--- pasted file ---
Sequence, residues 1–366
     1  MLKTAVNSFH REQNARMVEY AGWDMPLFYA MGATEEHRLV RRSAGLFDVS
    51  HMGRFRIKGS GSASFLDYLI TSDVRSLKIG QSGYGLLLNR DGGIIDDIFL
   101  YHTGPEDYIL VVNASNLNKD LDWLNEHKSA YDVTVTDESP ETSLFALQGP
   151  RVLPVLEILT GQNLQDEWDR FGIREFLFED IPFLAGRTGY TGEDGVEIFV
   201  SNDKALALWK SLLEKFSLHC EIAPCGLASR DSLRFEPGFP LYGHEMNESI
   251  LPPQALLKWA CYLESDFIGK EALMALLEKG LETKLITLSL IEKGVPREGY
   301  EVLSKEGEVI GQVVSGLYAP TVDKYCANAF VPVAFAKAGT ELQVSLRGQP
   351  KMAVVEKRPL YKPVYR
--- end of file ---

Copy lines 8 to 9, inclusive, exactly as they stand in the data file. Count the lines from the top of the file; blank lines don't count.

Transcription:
   301  EVLSKEGEVI GQVVSGLYAP TVDKYCANAF VPVAFAKAGT ELQVSLRGQP
   351  KMAVVEKRPL YKPVYR